But ensuring the safety of the human cargo on such a futuristic mission would also be tricky. First of all, the ship would need to carry enough supplies, like food, water, and medicine, and be self-sufficient for the entire journey.

Then there’s the whole acceleration thing. To make sure our hypothetical traveler wouldn’t be obliterated by overwhelming g-forces, the ship would need to gradually and steadily accelerate. While steady 1g acceleration (like what we feel on Earth) for a long period of time would eventually get the ship to approach near speed of light, it would add to the length of the trip and minimize how far in the future one could go.

Using our 500-light-year planet example, Gott predicts that the steady acceleration of 1g up to near light speed would increase the aging of the time traveler to 24 years, “but you would still get to visit Earth in the year 3000,” says Gott.

"The technology isn’t far off...we could do it in the next twenty years."

Since the speed of light is the absolute maximum, physicists are concentrating on finding phenomena like wormholes, which could provide tunnel-like shortcuts that jump across curved spacetime and, in theory, beat a light beam to a particular point in spacetime.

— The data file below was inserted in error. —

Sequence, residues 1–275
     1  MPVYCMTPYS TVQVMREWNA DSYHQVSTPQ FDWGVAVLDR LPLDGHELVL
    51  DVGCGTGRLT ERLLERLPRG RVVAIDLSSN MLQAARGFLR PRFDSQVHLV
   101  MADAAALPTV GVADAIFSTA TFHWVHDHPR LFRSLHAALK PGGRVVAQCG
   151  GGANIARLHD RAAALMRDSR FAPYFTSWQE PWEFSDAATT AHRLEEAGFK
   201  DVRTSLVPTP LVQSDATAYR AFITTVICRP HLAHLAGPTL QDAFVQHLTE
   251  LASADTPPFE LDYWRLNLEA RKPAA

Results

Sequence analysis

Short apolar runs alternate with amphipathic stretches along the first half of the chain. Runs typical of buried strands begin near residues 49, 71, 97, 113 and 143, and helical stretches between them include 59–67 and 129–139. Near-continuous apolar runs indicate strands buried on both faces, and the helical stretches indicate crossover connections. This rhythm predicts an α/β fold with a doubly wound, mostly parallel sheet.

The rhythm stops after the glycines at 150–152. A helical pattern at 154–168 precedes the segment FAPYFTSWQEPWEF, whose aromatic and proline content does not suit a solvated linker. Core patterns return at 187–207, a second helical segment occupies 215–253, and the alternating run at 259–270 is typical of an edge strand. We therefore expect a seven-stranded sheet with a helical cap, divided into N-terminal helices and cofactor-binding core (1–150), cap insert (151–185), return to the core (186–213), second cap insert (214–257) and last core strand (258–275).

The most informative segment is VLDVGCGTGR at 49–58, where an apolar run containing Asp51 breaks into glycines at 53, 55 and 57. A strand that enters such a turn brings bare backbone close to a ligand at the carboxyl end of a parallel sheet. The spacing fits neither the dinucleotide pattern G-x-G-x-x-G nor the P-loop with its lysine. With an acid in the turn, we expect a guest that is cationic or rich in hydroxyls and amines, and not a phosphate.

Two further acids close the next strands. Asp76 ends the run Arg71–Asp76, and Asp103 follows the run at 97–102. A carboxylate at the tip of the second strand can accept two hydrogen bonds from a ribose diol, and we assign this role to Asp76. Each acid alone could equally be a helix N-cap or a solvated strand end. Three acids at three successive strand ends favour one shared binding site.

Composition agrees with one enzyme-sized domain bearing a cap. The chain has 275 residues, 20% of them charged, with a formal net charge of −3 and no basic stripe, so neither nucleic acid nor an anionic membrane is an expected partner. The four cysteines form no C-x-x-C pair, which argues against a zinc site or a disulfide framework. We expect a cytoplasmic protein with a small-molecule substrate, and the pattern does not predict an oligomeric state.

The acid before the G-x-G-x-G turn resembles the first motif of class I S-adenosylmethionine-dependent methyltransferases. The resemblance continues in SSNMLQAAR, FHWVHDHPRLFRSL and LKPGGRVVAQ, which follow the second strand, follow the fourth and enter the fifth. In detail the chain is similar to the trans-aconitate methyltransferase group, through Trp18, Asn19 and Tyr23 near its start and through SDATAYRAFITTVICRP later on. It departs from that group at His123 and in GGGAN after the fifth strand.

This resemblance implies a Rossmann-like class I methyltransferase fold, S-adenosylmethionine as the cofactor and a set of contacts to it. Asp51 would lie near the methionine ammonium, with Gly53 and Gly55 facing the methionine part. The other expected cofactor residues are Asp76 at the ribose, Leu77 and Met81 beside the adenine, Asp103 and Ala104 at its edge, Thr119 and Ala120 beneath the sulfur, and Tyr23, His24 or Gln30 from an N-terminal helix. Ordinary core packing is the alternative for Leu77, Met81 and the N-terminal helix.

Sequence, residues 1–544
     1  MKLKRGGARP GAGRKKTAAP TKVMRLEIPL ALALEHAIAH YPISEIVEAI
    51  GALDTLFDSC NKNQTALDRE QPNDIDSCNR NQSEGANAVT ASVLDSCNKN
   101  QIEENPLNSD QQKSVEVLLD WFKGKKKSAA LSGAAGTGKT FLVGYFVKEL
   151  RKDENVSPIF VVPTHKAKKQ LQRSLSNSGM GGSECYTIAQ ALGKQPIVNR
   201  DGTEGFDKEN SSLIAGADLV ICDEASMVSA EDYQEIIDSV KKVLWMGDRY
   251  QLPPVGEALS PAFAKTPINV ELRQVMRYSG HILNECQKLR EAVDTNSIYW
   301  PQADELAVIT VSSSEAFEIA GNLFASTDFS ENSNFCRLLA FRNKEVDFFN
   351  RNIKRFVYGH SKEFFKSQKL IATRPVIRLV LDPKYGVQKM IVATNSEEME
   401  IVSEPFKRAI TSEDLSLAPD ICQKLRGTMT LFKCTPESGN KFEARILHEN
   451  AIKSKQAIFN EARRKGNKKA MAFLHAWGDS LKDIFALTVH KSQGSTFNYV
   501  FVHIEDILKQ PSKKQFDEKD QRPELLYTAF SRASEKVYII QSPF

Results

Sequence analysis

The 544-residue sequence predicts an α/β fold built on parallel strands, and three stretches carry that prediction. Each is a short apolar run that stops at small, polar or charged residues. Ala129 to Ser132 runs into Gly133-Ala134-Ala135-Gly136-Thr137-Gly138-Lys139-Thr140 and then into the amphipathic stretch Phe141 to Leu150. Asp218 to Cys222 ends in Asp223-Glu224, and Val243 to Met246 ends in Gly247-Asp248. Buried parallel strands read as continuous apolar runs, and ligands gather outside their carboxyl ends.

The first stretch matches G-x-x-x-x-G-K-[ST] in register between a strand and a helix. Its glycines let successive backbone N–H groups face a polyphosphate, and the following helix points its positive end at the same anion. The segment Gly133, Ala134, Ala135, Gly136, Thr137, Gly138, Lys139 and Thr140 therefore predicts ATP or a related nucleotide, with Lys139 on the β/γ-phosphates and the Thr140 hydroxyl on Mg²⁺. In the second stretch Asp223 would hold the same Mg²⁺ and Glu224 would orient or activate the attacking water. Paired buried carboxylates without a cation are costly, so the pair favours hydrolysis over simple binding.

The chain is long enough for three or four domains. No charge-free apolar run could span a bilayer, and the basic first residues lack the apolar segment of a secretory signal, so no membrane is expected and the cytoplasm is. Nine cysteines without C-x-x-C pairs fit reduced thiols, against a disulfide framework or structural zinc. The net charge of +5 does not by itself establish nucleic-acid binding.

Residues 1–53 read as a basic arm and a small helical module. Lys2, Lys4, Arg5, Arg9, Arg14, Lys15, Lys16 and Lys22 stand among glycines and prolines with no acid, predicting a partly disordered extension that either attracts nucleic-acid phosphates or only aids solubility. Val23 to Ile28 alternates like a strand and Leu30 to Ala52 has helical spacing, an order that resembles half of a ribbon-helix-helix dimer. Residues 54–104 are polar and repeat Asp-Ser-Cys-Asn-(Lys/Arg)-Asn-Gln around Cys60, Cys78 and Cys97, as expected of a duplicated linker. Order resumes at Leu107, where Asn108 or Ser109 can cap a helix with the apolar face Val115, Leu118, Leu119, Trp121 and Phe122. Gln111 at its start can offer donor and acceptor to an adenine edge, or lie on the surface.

While wormholes do work within the confines of Einstein’s theories of relativity, they have yet to be observed in space, and scientists have no concrete evidence that these galactic shortcuts would even work.

So while time traveling to the past may be the more exciting concept, scientists are much more likely to fling someone into the unknown future rather than the well-trodden past. But despite overwhelming odds—fiscal and scientific—Mallet believes the future of a time-traveling society is possible.

“What happened with going to the moon...we wanted to go there, Kennedy asked for it, and there was proper funding so we got there within a decade,” Mallet says. “The technology isn’t far off. If the government and taxpayers wanted to pay for it, we could do it in the next twenty years.”

For now, wannabe time travelers will still have to look to science fiction for its time travel fix, with some movies being much more accurate than others. “A good movie... was the original Planet of the Apes,” says Mallett. "The astronauts thought they had landed on another planet that was ruled by apes, but what they found out...was that they had traveled so fast, that they had arrived into Earth’s future. That movie accurately depicts Einstein’s special theory of relativity.”